For the first 100 years of college football, there was no overtime. If a game were tied at the end of regulation, it would end as a tie. As such, ties fill the annals of college football. In some cases, ties even played a major role in determining the national champion. Notably, a 1966 game between #1 Notre Dame and #2 Michigan State ended in a 10-10 tie; Notre Dame chose to run out the clock on their final drive rather than try for the win.
Similarly, the 1988 Sugar Bowl between Syracuse and Auburn was the most recent major bowl game to tie. With four seconds left in the game, Auburn coach Pat Dye opted to kick a 30-yard field goal to knot the score at 16 and cost Syracuse an outside chance at winning a national championship in the process. The most famous tie in college football history, though, belongs to the 1968 Harvard-Yale matchup. The famous Harvard Crimson headline “Harvard Beats Yale 29-29” immortalized the game.
In 1992, the SEC became the first FBS Division 1 conference to implement overtime rules. With Dr. Pepper sponsoring the conference title game and ABC airing it, the SEC stayed in its corporate partners’ good graces by ensuring that the SEC championship game would crown the champion of the SEC.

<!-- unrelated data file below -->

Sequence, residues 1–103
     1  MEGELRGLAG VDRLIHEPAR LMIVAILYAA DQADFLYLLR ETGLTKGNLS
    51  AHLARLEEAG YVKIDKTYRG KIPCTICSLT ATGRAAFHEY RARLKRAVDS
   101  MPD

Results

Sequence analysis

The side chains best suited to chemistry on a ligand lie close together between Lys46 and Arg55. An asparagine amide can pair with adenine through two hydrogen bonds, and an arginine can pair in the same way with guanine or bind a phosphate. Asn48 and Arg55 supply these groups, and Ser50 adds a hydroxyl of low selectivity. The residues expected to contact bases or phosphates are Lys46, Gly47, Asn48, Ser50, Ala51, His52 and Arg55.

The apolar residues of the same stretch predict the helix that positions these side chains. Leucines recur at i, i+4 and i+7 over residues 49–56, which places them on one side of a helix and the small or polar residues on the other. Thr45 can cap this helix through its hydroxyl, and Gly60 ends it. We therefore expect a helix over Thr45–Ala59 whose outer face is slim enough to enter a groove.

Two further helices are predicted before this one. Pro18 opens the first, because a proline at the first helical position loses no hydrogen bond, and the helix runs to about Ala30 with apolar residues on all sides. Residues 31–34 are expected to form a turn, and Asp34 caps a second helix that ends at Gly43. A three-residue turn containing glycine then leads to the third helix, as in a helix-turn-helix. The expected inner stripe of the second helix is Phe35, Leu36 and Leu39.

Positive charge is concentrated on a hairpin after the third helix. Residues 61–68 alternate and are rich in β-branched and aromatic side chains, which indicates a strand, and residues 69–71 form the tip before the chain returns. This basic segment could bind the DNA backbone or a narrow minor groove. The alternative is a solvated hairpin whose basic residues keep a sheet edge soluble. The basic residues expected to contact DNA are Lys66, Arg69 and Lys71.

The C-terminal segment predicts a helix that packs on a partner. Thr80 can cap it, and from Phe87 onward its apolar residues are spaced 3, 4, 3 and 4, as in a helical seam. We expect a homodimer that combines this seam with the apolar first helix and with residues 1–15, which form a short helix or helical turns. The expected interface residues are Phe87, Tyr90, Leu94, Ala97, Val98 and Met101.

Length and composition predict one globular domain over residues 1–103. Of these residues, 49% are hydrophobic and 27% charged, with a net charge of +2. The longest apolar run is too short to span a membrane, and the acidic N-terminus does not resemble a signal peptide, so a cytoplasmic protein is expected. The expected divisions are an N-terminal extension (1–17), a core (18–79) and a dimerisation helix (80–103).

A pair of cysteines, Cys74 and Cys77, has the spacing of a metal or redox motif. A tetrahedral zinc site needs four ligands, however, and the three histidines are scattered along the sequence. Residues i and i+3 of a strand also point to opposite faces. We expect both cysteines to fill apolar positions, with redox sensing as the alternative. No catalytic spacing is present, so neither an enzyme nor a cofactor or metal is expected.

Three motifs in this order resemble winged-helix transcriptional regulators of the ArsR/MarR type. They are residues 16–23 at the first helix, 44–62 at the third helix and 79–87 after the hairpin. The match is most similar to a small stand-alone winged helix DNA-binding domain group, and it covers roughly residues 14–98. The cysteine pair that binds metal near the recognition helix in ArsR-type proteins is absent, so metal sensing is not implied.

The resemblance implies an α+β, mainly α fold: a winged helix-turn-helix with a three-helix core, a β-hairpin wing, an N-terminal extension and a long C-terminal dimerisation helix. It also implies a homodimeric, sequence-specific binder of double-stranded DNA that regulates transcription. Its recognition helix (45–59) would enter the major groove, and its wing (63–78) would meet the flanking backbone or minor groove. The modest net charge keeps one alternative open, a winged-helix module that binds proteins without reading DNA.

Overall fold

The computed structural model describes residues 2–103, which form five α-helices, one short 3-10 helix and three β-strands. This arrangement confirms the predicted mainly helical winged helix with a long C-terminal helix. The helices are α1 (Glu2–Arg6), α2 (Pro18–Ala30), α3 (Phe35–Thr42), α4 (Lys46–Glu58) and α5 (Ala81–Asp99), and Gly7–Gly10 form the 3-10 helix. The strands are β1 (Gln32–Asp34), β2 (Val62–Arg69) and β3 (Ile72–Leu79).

By 1995, the rest of the NCAA would follow suit, thanks to the creation of the Bowl Alliance. This agreement sought to guarantee that the top two teams would square off in the national title game. In order to determine the winner of the national championship, you need to be able to determine the winner of an individual game. This change took ties out of the equation.
However, lower levels of college football introduced overtime as early as the 1970s. Since FCS, Division 2, and Division 3 all determine their national champion with a tournament-style playoff, overtime was necessary because playoff games can’t end in a tie.